"Where the terms of an agreement have not been strictly complied with, or are incapable of being strictly complied with, still, if there has not been gross negligence in the party, and it is conscientious that the agreement should be performed, and if compensation may be made for any injury occasioned by the non-compliance with the strict terms, in all such cases courts of equity will interfere, and decree a specific performance. For the doctrine of courts of equity is not forfeiture, but compensation, and nothing but such a decree will in such cases do entire justice between the parties." 2 Story's Equity Jurisprudence, p. 83.
"One of the most frequent occasions on which courts of equity are asked to decree specific performance of contracts is where the terms of the contract have not, in point of time, been strictly complied with. Time is not generally deemed in equity to be of the essence of the contract, unless the parties have expressly so treated it, or it necessarily follows from the nature and circumstances of the contract." 2 Story's Equity Jurisprudence, p. 85.
The last above quotations from Story's Equity Jurisprudence are quoted from the opinion of the court in Bomier v. Caldwell, supra.
" 'Courts of equity will never aid in the devesting of an estate for a breach of a covenant on a condition subsequent, although they will often interfere to prevent the devesting of an estate for a breach of a covenant or condition.' 2 Story's Equity Jurisprudence (13th Ed.), § 1319," quoted with approval in Hodges v. Buell, 134 Mich. 162.
"It is well settled that where the agreement secured is simply one for the payment of money, a forfeiture either of land, chattels, securities, or money, incurred by its nonperformance, will be set aside on behalf of the defaulting party, or relieved against in any other manner made necessary by the circumstances of the case, on payment of the debt, interest, and costs, if any have accrued, unless by his inequitable conduct he has debarred himself from the remedial right, or unless the remedy is prohibited, under the special circumstances of the case, by some other controlling doctrine of equity." 1 Pomeroy's Equity Jurisprudence (4th Ed.), § 450.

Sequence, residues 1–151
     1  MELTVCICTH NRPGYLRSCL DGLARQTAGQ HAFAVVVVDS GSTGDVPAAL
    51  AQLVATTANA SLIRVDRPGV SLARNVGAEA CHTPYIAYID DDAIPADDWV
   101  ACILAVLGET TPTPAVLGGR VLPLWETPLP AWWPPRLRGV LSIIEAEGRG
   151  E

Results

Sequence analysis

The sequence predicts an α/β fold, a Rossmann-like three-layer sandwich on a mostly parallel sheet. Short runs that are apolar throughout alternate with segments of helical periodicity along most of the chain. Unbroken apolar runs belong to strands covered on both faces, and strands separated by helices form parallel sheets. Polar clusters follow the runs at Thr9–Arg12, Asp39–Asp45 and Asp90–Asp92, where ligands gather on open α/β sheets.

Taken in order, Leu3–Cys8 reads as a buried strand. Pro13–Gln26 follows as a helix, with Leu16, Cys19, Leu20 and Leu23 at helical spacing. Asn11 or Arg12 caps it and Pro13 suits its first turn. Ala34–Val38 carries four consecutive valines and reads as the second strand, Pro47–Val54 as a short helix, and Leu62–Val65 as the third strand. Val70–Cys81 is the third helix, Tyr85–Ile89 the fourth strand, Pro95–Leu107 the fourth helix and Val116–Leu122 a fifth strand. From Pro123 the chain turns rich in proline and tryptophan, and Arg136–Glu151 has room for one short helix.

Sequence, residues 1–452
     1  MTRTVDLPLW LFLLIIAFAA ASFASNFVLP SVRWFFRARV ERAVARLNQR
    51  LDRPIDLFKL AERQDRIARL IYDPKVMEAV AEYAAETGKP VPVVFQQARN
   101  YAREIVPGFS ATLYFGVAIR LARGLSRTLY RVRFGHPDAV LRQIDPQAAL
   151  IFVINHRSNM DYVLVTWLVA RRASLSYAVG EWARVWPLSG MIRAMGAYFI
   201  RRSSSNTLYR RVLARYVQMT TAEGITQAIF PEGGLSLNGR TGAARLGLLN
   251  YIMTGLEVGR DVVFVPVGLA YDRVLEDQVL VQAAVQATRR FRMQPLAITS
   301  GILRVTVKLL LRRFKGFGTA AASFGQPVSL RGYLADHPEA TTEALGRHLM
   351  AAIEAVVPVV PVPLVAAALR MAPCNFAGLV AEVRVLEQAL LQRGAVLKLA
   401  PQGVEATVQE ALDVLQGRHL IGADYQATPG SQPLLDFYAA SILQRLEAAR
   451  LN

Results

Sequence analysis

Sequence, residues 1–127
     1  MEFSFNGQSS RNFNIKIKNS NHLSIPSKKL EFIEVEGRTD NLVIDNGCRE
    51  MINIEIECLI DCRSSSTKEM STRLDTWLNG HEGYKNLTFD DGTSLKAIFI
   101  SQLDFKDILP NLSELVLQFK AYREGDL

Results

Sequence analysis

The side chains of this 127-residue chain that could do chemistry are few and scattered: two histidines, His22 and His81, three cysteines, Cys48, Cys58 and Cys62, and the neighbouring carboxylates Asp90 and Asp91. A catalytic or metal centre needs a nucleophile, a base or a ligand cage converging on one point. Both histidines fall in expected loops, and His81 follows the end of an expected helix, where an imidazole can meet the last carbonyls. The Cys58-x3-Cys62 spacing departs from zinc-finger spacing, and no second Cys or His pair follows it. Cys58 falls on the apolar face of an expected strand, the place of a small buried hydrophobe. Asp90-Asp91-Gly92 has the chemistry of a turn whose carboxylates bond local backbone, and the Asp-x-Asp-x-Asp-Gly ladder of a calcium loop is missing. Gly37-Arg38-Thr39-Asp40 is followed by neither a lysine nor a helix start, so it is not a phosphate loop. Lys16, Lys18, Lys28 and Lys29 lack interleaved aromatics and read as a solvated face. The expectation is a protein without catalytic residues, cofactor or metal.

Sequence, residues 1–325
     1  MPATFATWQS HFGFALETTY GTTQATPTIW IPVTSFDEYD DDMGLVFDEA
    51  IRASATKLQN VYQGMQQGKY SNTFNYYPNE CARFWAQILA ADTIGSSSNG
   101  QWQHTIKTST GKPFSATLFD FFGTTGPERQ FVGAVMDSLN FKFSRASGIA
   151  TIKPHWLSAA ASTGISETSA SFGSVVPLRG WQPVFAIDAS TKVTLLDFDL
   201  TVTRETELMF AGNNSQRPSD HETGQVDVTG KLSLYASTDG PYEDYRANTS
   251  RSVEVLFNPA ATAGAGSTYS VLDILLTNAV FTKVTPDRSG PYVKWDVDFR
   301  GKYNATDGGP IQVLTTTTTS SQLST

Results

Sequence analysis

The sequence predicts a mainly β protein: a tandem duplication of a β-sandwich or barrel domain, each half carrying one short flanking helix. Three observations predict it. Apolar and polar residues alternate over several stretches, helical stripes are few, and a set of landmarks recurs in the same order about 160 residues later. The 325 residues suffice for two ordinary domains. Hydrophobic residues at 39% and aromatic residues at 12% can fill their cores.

These principles have, from the earliest times, received the approval of this court.
"In the former case between the same parties, we held that a court of equity would not lend its aid to divest an estate for the breach of a condition subsequent, although that aid would be sometimes extended to relieve against such a condition. We cannot, therefore, decree a forfeiture in the present case; and we certainly would not, did we possess the power." Michigan State Bank v. Hammond, 1 Doug. (Mich.) 527, 540.
"Equity will not lend itself to enforce a penalty or forfeiture." Crane v. Dwyer, 9 Mich. 350 (80 Am. Dec. 87).
Equity will not interfere to enforce a forfeiture, but, where such relief is sought, will leave the party complaining to such relief as he can obtain elsewhere. White v. Railway Co., 13 Mich. 356.
"Relief against forfeitures is a very ancient head of equity, and it is founded upon the broad and benign principle, that the possessor of a legal right shall not be allowed to use it to work oppression or injustice." Sandford v. Flint, 24 Mich. 26, 30.
"A court of equity has no jurisdiction to enforce forfeitures. If a party desires such relief he must seek it at law, or by entry for the breach of condition." Fitzhugh v. Maxwell, 34 Mich. 138, 139.
"It has been held in this State that time is not generally so far of the essence of a contract that a failure to perform within a period specified will necessarily preclude a party from being allowed to perform subsequently. * * * When a vendee has failed to perform his obligations, relief is not a matter of right. * * * The ground on which equity relieves against forfeitures is that it would operate oppressively or fraudulently to refuse." Gram v. Wasey, 45 Mich. 223, 228.
"A forfeiture is not favored either at law or in equity, and a provision for it in a contract will be strictly construed, and courts will find a waiver upon slight evidence." Lyon v. Travelers' Ins. Co., 55 Mich. 141, 146 (54 Am. Rep. 354).
"The complainant is not entitled to enforce a forfeiture of the estate in equity, for equity does not aid in enforcing forfeitures." Watrous v. Allen, 57 Mich. 362, 367 (58 Am. Rep. 363).